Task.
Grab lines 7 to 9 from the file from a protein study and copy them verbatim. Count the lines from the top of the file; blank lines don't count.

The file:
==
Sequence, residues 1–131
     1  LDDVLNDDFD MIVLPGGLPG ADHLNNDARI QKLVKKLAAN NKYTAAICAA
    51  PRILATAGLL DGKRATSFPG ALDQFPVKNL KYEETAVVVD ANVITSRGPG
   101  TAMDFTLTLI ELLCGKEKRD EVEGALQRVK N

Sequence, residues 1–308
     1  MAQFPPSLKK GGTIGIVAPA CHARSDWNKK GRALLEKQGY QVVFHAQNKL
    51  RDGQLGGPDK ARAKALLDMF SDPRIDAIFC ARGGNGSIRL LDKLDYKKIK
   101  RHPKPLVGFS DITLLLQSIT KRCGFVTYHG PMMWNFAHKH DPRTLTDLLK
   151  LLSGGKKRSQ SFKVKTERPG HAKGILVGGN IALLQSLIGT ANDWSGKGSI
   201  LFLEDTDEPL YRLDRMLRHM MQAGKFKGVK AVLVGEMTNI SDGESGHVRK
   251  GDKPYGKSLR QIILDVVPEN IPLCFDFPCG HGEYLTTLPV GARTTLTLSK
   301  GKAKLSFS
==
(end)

    51  RDGQLGGPDK ARAKALLDMF SDPRIDAIFC ARGGNGSIRL LDKLDYKKIK
   101  RHPKPLVGFS DITLLLQSIT KRCGFVTYHG PMMWNFAHKH DPRTLTDLLK
   151  LLSGGKKRSQ SFKVKTERPG HAKGILVGGN IALLQSLIGT ANDWSGKGSI